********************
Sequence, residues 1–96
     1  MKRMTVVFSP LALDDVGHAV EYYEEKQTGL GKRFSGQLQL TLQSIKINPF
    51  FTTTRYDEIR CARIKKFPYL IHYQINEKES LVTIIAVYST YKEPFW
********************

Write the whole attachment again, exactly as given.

Sequence, residues 1–96
     1  MKRMTVVFSP LALDDVGHAV EYYEEKQTGL GKRFSGQLQL TLQSIKINPF
    51  FTTTRYDEIR CARIKKFPYL IHYQINEKES LVTIIAVYST YKEPFW